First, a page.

Gallery: Espacio Gallery 159 Bethnal Green Road London E2 7DG
Tube: Liverpool Street Station, Bethnal Green Station
Overground: Shoreditch High Street Buses: 8, 388
View the Exhibition Catalogue here
Angelika Berndt's photo Urban realities has been selected for the Leica Master shot selection and published in the Leica architecture cityscape gallery.
Thanks to Colleen Rowe Harvey for her review of our group exhibition in the current issue of fLIP magazine - issue 53
It’s always satisfying to make something tangible no matter how brief or flimsy, so I create zines and booklets of various series’ or subjects as a way either of pulling a collection together, or of drawing a line under a particular project.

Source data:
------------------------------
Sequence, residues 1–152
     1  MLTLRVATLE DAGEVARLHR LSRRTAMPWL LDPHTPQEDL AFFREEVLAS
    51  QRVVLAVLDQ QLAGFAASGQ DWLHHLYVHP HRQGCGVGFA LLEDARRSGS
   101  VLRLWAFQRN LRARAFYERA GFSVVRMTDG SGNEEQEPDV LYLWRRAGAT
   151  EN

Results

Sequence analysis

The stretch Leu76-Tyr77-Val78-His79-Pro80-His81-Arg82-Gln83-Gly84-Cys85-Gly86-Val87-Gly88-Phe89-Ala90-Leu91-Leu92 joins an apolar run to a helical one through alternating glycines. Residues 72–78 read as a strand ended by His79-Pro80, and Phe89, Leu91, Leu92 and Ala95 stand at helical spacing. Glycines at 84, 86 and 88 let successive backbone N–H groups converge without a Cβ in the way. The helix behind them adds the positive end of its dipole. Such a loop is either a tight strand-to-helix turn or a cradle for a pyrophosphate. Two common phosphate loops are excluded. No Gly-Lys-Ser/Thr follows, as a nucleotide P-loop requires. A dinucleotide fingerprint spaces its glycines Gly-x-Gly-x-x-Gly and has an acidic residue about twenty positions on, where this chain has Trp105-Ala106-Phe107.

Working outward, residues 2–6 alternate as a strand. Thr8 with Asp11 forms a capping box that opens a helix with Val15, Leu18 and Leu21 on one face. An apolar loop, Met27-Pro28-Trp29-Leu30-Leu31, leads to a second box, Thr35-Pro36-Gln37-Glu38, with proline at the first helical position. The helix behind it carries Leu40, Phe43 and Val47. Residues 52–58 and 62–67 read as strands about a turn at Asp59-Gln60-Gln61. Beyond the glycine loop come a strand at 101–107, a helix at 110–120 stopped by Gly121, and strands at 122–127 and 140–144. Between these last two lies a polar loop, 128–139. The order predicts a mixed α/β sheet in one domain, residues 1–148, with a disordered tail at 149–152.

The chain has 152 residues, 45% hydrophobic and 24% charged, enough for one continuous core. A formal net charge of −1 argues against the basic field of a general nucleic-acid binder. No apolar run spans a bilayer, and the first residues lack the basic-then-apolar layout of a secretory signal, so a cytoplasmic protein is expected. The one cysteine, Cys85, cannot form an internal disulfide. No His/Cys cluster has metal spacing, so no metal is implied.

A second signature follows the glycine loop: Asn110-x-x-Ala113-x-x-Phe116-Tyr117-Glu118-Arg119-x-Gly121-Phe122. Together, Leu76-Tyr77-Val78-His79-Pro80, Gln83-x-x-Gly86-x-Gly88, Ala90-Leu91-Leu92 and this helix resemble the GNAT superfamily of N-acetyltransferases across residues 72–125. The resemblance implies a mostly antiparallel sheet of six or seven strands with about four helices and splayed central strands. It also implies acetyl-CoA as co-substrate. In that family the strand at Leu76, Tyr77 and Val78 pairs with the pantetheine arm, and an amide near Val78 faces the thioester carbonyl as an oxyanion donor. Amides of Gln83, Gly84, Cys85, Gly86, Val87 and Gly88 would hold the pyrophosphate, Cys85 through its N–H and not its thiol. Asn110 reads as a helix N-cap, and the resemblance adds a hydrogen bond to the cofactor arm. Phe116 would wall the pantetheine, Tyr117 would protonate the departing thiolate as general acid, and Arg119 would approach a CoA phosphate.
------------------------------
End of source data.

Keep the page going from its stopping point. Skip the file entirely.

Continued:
Urban Backgrounds is literally that, a short zine featuring a collection of images from ordinary background things I notice every day. The marks and textures on walls, floors, and windows, the peeling paint and torn curtains, damp and mould, faded graffiti, damaged render, old posters, cracks and holes, scratches and scrawls. They form the everyday background to urban life and the create abstracts of their own.
Winter Light – a short booklet from a week of storms in the north west of Scotland. We had only the briefest of forays out into the weather and the images are of the limited glimpses of the surrounding countryside and coast, and the views from the studio where I was staying.
Blog post Written by Frankie MaCAllister